In addition to warm, year-round temperatures and abundant moisture in the tropics, land and labor are cheaper in developing countries. As a result, for example, Chile's exports of forest products, largely from plantations, increased from $334 million in 1985 to $2 billion in 1995, expanding employment and boosting export earnings.43
Many northern firms are investing in countries in the South. Japanese firms are investing in the Western Pacific, and U.S. firms are investing in the western hemisphere, especially Brazil. Some U.S. firms are buying into forest plantations in Brazil to supply wood chips for their pulp mills in the southern United States. Brazil, now with 5 million hectares of forest plantations, gets 60 percent of its industrial wood from plantations.44
Projections of future growth show that plantations are constrained by land scarcity. An increase in land in plantations can come on deforested land, but it is more likely to come at the expense of existing natural stands of forests. There is also competition with agriculture, since land that is suitable for growing trees is often suitable for crop production too. Water scarcity is yet another constraint. Fast-growing plantations require an abundance of moisture.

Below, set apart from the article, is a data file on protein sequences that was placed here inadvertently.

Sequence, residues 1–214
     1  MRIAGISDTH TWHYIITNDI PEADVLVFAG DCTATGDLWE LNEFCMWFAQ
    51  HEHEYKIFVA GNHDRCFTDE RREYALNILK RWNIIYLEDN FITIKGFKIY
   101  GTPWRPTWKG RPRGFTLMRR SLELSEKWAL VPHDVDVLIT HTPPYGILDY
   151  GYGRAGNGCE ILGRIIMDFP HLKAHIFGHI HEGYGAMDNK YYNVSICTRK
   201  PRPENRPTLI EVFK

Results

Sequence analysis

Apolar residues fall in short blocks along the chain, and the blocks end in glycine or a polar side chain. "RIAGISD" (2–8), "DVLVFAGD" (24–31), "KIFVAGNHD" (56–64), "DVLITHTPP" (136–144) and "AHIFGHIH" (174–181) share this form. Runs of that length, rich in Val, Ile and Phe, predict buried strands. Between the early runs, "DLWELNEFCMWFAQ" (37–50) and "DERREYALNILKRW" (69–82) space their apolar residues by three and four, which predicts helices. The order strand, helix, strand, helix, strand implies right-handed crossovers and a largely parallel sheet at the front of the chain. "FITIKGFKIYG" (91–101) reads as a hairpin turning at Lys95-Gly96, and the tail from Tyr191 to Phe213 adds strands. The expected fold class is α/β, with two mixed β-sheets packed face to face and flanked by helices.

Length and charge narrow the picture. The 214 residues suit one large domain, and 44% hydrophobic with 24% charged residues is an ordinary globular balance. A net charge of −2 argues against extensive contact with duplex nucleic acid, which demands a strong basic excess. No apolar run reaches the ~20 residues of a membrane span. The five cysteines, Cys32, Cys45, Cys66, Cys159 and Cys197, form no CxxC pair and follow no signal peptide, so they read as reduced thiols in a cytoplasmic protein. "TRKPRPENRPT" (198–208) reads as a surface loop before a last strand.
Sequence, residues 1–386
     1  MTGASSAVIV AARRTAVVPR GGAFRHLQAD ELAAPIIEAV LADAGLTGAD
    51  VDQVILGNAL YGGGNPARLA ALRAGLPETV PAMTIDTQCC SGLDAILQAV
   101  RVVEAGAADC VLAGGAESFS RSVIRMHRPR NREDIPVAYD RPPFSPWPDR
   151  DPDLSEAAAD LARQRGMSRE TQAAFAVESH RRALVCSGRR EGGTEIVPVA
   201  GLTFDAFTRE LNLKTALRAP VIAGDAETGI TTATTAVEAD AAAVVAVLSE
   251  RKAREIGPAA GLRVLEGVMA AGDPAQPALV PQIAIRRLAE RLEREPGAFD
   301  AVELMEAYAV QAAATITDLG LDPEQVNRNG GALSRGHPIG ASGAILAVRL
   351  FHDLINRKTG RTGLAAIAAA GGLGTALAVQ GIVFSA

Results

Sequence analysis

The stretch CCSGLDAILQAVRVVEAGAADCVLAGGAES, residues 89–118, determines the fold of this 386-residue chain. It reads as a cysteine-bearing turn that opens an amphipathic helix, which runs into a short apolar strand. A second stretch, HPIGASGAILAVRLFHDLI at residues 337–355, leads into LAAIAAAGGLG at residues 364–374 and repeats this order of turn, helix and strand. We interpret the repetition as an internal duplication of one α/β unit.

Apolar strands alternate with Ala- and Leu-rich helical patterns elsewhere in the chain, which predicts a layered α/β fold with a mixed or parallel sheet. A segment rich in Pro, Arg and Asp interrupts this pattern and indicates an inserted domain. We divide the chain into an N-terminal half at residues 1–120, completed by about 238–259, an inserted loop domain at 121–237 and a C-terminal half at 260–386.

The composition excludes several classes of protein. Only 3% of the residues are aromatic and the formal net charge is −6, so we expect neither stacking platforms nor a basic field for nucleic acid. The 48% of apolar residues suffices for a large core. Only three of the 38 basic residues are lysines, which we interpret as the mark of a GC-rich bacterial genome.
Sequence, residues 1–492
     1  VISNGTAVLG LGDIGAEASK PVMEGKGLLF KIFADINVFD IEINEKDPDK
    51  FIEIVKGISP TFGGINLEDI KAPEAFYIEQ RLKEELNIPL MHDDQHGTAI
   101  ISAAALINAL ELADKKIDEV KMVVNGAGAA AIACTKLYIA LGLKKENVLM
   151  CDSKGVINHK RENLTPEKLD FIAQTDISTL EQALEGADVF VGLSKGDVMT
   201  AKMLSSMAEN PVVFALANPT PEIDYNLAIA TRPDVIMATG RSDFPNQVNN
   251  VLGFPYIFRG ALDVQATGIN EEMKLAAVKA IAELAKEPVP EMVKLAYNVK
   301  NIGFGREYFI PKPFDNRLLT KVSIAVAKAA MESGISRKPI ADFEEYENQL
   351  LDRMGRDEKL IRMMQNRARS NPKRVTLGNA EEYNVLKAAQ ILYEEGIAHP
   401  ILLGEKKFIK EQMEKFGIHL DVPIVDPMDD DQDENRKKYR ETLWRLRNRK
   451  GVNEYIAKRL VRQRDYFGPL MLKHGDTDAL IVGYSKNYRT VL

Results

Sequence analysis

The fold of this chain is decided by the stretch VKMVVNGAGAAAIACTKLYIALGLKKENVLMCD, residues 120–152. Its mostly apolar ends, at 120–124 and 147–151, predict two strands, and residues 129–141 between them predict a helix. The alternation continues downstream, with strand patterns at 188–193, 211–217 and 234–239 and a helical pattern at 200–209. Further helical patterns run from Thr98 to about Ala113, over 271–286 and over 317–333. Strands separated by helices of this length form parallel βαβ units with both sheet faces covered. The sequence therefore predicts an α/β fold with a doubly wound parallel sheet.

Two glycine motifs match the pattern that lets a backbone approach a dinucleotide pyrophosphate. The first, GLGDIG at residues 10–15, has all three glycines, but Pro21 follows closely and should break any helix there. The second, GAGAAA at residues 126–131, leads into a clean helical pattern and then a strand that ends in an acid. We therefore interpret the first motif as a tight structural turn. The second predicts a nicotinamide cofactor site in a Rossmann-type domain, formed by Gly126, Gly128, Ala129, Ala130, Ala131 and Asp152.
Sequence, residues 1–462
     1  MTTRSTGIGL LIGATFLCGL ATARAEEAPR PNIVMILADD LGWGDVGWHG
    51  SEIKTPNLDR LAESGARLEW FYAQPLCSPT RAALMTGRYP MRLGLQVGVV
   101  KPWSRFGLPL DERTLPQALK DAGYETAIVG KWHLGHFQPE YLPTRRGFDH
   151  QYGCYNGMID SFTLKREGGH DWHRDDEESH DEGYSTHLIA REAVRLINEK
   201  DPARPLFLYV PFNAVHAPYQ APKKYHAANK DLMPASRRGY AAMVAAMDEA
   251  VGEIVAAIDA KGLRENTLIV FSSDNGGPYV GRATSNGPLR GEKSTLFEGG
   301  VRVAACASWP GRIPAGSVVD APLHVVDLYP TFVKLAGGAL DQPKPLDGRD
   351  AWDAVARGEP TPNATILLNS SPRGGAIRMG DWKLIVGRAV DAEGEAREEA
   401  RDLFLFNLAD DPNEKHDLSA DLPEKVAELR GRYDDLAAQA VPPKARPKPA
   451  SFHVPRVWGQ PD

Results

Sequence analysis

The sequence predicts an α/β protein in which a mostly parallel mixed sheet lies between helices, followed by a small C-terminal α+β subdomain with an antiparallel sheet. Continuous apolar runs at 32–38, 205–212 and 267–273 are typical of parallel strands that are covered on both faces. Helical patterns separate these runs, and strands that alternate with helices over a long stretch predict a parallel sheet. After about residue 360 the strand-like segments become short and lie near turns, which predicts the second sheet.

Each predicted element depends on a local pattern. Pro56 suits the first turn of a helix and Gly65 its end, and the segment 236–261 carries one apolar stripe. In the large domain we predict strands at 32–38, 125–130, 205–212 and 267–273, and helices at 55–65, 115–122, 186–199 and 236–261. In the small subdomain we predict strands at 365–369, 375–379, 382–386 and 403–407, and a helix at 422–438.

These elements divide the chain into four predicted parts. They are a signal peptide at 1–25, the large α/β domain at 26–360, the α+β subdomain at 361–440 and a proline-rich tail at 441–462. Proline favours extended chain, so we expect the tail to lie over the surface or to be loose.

Nonetheless, FAO projects that the current 113 million hectares of plantations could easily increase to 145 million hectares in 2030. Meanwhile, as yields rise, the harvest could more than double, climbing from 331 million cubic meters to 766 million. This assumes that this growth will be concentrated in the tropics and subtropics, where the yields are high.45
It is entirely conceivable that plantations could one day satisfy most of the world's demand for industrial wood. While part of the modest projected growth in plantation area will undoubtedly come at the expense of existing forests, the area of forests that would be protected is several times greater.
|Table 8-5. Forest Plantations in Key Countries, 2000|
|Source: See endnote 39.|
36. Plantation area from FAO, op. cit. note 5; grain area from U.S. Department of Agriculture (USDA), Production, Supply, and Distribution, electronic database, Washington, DC, updated May 2001.
37. FAO, op. cit. note 6, p. 167.
38. Ibid., p. 160; FAO, op. cit. note 9.
39. Table 8-5 adapted from FAO, op. cit. note 6, p. 161, updated with FAO, op. cit. note 5.
40. FAO, op. cit. note 6, p. 161.
41. Ashley T. Mattoon, "Paper Forests," World Watch, March/April 1998, p. 20.
42. Ibid.; corn yields from USDA, op. cit. note 36.
43. Mattoon, op. cit. note 41, p. 24.
44. Ibid., p. 23.
45. FAO, op. cit. note 5; FAO, op. cit. note 6, pp. 160-61.
Copyright © 2001 Earth Policy Institute